The British Film Institute has hired Kristy Matheson as its Festivals Director to oversee the London Film Festival.
Matheson joins the BFI following a stint as Creative Director of the Edinburgh Film Festival, which revealed her departure in the past half hour. During the recruitment process, Matheson’s potential hire attracted much of the industry speculation and Deadline revealed the appointment was imminent late last week.
Matheson will be responsible for delivering the BFI’s flagship London Film Festival (LFF) as well as the body’s LGBTQIA-focused festival BFI Flare, which runs this month from March 15-26.
The Festival Director job is set under a fixed-term, three-year contract, with the potential to extend for a further one to two years. Matheson replaces former Festivals director Tricia Tuttle, who announced she would step down from the role on the eve of last year’s LFF. Tuttle was in post for five years, following a stint as deputy Head of Festivals from 2013-17. She has since joined the National Film And Television School (NFTS) as Acting Head of Department for the school’s directing fiction course. Tuttle’s role at the NFTS will be part-time until she completes her duties at the BFI following BFI Flare, at which point she will join the film school on a full-time basis. Her role is currently set to run through September.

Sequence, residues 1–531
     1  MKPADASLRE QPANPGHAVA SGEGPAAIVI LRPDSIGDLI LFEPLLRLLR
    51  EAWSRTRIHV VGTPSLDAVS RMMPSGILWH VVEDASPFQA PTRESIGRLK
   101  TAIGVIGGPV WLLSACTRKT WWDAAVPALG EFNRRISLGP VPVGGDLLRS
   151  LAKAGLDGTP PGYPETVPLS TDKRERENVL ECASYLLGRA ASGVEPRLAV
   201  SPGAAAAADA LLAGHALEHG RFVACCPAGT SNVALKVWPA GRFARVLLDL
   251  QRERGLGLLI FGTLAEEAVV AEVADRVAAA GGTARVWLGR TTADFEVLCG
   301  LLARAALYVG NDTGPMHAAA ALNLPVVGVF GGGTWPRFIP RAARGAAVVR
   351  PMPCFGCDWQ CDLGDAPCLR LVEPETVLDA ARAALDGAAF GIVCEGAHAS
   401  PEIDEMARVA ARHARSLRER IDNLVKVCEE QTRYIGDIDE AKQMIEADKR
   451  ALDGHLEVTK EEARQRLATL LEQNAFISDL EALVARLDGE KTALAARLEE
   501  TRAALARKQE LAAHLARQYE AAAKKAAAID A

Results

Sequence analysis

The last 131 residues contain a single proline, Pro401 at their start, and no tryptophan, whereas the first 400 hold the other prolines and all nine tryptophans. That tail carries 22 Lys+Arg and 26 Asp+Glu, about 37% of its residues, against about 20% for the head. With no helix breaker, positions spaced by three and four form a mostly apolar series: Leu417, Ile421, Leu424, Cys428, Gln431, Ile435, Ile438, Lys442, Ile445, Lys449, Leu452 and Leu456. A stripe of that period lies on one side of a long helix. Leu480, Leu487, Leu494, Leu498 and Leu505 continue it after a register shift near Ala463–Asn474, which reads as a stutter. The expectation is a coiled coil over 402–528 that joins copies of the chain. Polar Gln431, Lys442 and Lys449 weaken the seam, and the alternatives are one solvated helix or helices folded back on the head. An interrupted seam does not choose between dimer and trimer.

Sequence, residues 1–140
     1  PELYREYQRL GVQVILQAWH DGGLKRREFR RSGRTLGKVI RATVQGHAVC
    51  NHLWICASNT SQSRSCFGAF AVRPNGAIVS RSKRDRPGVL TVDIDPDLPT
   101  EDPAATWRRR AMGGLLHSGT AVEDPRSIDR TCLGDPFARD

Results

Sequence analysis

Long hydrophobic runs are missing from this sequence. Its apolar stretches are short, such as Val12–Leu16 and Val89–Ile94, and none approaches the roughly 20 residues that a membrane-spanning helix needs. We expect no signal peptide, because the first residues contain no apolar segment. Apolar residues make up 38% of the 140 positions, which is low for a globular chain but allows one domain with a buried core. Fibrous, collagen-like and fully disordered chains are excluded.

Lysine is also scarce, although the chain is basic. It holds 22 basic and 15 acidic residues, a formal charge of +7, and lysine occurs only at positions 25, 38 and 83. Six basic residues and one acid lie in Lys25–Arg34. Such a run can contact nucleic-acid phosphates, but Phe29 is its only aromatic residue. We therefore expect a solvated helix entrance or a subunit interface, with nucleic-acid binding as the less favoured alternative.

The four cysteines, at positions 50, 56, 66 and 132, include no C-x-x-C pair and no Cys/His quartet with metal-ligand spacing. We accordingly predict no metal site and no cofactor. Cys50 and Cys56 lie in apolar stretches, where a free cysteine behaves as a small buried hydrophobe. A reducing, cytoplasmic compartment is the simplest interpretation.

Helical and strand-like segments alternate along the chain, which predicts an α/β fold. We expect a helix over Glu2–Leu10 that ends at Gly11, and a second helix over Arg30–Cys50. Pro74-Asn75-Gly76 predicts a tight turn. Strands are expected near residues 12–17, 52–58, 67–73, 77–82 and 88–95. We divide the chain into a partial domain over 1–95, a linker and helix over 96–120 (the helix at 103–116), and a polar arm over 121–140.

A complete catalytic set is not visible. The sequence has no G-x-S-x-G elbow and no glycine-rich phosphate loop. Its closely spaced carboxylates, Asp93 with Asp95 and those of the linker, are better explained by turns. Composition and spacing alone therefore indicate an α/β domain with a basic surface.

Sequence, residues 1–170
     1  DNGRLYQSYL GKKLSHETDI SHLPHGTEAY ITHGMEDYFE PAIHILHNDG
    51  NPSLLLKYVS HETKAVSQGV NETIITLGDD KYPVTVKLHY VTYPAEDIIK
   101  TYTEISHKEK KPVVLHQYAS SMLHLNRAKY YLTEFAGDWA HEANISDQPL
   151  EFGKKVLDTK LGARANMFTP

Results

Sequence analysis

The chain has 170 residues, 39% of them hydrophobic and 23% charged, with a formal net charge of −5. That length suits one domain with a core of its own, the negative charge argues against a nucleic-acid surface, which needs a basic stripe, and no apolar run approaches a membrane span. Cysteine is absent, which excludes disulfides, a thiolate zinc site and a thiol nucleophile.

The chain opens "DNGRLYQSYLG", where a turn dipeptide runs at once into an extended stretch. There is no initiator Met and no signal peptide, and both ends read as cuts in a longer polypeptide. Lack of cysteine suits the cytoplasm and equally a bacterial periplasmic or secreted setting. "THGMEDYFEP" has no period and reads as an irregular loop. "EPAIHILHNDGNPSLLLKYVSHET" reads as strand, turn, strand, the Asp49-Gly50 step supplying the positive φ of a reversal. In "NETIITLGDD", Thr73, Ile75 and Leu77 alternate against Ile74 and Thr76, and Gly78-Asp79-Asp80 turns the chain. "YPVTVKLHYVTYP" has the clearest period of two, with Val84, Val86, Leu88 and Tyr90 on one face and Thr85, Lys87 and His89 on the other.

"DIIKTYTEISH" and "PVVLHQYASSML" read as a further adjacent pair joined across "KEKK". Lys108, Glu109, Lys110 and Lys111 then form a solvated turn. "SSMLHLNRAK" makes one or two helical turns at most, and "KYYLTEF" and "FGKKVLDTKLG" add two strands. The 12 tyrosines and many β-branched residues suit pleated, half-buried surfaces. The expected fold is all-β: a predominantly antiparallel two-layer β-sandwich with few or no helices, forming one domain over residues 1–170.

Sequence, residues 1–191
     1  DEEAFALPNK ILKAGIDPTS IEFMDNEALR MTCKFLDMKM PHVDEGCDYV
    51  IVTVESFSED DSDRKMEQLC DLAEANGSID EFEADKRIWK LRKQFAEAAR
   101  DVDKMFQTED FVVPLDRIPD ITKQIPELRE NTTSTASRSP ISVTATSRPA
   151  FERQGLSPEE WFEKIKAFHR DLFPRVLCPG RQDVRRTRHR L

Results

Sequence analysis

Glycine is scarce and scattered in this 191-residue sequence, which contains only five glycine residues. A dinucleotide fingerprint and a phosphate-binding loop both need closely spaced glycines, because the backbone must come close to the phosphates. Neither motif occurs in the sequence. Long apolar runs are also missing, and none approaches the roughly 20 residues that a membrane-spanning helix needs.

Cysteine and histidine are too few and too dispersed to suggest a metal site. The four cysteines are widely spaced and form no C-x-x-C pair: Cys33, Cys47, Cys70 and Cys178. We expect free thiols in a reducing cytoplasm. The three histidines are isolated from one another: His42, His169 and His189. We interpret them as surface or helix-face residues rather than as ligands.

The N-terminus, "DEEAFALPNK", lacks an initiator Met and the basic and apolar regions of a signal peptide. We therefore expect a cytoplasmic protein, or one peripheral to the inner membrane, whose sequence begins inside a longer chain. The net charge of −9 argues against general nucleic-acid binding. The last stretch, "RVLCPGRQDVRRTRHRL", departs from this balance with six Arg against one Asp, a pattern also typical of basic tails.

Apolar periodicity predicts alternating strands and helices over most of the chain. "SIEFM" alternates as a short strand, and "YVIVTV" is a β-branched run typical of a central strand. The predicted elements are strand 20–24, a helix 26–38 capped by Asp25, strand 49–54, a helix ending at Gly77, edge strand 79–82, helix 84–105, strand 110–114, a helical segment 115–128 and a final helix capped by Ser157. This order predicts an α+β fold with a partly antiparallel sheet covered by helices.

The search for Tuttle’s replacement began late last year. The closing date for applications was January 16. Two rounds of interviews were held, with the last on February 8.
Jason Wood, the BFI’s Executive Director of Public Programme and Audiences, said he was “impressed by Kristy’s knowledge and passion for screen culture and the role it plays in connecting society.”
“Her vision for a wider and more sustainable festival ecology absolutely chimes with the strategic direction of the BFI and how we want our Festivals to be led – in a way that values and encourages collaboration and a democratic approach to decision making in tandem with a clear and holistic artistic vision,” he added.
LFF’s prominence as a global showcase has grown in recent years with plenty of awards movies and studio fare heading to the capital. Last year, it opened with the world premiere of Roald Dahl’s Matilda The Musical and closed with the European Premiere of Rian Johnson’s highly-anticipated sequel Glass Onion: A Knives Out Mystery.
Matheson said: “Festivals provide filmmakers, artists and audiences with a moment to commune on a grand scale – to experience ideas, ask big questions and celebrate together. The BFI London Film Festival and BFI Flare represent the very best of this spirit, exploring the depth of UK and global cinema, nurturing new talents, profiling our screen industries and connecting audiences to innovations in the moving image.”